New book!

New book!

I’m thrilled to announce that my new book is almost out! You can pre-order it on Amazon! Find it at an independent bookseller at IndieBound! Read all about it at the Harvard University Press site! Available in July!

Great blurbs! My deep thanks to Lonnie Bunch and Richard Kurin for their kind words:

In this volume, Steven Lubar, among the most thoughtful scholars and professionals in the field, turns “museum” into a verb, taking us behind the scenes to show how collecting, exhibiting, and programming are conceived and organized. His clear, straightforward, and insightful account provides case studies as well as a larger framework for understanding museological practices, choices, historical trends, controversies, and possible futures. The treatment of art, science, and history museums and occupational roles from director and curator to exhibition designer and educator make this required reading for everyone in the museum field.—Richard Kurin, Acting Provost and Under Secretary for Museums and Research, Smithsonian Institution

 

Steven Lubar has written a wonderfully comprehensive and intriguing assessment of the impact and importance of museums by unearthing both the history of these cultural institutions and the contemporary challenges that face the field. Featuring an insider’s knowledge and a scholar’s curiosity, Inside the Lost Museum is a must-read for those who want to understand how museums shape America’s memories and its national identity.—Lonnie G. Bunch III, Director, National Museum of African American History and Culture, Smithsonian Institution

Here the press’ description:

Curators make many decisions when they build collections or design exhibitions, plotting a passage of discovery that also tells an essential story. Collecting captures the past in a way useful to the present and the future. Exhibits play to our senses and orchestrate our impressions, balancing presentation and preservation, information and emotion. Curators consider visitors’ interactions with objects and with one another, how our bodies move through displays, how our eyes grasp objects, how we learn and how we feel. Inside the Lost Museum documents the work museums do and suggests ways these institutions can enrich the educational and aesthetic experience of their visitors.

Woven throughout Inside the Lost Museum is the story of the Jenks Museum at Brown University, a nineteenth-century display of natural history, anthropology, and curiosities that disappeared a century ago. The Jenks Museum’s past, and a recent effort by artist Mark Dion, Steven Lubar, and their students to reimagine it as art and history, serve as a framework for exploring the long record of museums’ usefulness and service.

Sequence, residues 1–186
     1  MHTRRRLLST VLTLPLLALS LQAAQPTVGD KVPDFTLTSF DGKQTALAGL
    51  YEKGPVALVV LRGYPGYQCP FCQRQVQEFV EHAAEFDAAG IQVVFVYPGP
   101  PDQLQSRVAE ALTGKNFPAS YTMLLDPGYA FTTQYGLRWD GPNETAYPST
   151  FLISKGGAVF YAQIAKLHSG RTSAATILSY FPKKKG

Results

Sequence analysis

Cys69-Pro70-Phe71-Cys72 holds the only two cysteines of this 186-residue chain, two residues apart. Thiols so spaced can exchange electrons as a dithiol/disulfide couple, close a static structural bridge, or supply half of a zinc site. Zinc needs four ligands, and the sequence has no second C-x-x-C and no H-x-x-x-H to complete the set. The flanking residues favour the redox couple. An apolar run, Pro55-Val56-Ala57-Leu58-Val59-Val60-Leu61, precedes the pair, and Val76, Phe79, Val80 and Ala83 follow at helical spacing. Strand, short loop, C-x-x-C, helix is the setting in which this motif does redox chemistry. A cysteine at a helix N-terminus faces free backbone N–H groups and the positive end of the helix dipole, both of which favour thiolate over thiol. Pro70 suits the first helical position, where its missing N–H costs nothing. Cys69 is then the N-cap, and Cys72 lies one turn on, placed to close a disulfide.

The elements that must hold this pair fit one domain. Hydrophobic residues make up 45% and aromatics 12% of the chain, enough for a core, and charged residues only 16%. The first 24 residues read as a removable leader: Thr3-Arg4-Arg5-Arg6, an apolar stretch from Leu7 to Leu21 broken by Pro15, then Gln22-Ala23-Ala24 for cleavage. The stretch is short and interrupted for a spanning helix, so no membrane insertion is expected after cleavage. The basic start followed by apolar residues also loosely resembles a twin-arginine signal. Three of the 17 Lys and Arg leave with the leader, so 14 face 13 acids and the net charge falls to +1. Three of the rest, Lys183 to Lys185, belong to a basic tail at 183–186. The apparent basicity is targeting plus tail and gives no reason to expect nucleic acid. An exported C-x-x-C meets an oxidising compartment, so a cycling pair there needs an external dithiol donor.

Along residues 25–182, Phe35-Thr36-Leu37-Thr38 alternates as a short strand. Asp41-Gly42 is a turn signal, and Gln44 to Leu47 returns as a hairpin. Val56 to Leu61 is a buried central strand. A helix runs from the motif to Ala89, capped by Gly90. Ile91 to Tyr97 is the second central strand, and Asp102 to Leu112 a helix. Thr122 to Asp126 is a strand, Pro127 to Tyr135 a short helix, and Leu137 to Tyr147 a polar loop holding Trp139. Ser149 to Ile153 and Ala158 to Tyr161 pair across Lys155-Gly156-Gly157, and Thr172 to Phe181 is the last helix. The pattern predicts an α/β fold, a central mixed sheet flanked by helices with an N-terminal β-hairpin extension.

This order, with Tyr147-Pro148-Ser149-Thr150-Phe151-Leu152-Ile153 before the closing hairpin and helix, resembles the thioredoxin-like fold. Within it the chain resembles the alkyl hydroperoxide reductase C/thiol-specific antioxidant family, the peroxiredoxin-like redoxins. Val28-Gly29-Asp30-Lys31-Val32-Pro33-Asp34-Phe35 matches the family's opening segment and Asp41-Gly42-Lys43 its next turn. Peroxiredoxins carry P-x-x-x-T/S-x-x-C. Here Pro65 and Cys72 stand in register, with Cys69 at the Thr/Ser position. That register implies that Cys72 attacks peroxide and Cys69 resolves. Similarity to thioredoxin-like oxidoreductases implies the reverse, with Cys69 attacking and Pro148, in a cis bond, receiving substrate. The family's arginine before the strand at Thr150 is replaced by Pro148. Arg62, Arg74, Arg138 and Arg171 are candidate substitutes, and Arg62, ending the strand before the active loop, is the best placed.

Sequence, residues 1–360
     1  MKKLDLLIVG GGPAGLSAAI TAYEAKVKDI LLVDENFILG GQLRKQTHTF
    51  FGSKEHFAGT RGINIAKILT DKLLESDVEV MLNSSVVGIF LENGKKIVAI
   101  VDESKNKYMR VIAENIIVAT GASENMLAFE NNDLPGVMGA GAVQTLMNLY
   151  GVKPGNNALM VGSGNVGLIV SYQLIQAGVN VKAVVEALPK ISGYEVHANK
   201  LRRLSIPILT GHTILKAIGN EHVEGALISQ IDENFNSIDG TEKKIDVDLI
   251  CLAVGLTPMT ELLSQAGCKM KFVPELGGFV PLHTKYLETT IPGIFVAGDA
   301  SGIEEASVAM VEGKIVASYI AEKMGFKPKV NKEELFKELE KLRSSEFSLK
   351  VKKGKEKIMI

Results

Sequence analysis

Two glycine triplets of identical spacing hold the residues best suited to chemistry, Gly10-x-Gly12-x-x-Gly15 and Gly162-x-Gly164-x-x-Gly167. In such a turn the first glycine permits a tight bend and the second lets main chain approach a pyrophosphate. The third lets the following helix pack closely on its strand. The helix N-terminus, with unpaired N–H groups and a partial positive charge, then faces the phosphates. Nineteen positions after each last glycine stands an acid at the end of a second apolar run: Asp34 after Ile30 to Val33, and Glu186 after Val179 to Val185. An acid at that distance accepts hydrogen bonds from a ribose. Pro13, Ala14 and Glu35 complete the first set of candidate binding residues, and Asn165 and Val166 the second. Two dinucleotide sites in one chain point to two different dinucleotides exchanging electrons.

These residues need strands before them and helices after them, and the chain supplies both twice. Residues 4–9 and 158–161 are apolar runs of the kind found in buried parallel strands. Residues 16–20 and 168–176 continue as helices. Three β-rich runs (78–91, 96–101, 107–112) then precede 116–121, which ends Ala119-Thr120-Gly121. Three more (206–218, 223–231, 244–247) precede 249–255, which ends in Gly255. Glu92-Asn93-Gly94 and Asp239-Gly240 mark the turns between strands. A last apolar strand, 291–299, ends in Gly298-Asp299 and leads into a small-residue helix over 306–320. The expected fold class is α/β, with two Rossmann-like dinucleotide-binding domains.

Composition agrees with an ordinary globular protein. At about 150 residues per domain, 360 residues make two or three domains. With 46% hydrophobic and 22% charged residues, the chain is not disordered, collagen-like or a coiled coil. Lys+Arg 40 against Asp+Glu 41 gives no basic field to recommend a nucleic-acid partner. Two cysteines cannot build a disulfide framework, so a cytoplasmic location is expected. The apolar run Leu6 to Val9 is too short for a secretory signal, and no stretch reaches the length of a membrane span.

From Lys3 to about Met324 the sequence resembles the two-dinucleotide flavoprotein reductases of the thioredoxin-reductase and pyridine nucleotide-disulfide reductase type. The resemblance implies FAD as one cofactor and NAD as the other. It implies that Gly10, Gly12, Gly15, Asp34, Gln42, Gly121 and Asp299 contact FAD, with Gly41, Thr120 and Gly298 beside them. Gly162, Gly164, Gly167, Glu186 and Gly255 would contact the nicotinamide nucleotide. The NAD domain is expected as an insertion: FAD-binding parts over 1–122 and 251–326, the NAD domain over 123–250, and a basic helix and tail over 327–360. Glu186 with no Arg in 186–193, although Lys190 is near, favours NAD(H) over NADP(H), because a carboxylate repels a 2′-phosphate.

Museum lovers know that energy and mystery run through every collection and exhibition. Lubar explains work behind the scenes—collecting, preserving, displaying, and using art and artifacts in teaching, research, and community-building—through historical and contemporary examples. Inside the Lost Museum speaks to the hunt, the find, and the reveal that make curating and visiting exhibitions and using collections such a rewarding and vital pursuit.

Here’s why you should buy it:

If you’re curious about museums: This book explains how they work, and how they came to be the way they are. Full of great historical stories and peeks behind the scenes of art, history, natural history, and anthropology museums.

If you work in a museum, or would like to: this is the book I wish I had read when I started working in a museum. Museums are an odd mix of tradition and innovation, public and private, objects and audiences. They’re complicated places with many agendas. This book will help you understand what’s really going on.

If you’re teaching museum studies: Students should understand both what museums do and why they do it. Inside the Lost Museum  covers the work of curators, collections managers, conservators, designers, and educators. It explains both what they do and why they do it. It makes sense of museums by revealing their historical trajectory and their philosophical underpinnings.

Here’s what in it, chapter by chapter:

Introduction: Explore

Part I Collect

1  Why Collect?

2  Collectable

3  Acquisitions

4  In the Field

5  Who Collects?

Part II Preserve

6  Into the Storeroom

7  Paperwork

8  The Ethics of Objects

Part III Display

9  Objects, Stories, and Visitors

10  Objects on Display

11  Organizations and Juxtapositions

12  Explanations and Encounters

13  Setting the Scene

14  Turned Inside Out

Part IV Use

15  What Use Is a Museum?

16  Museums Make Communities

17  Learning from Things

18  Teaching with Things

19  The Promise of Museums

Coda: Critique

 

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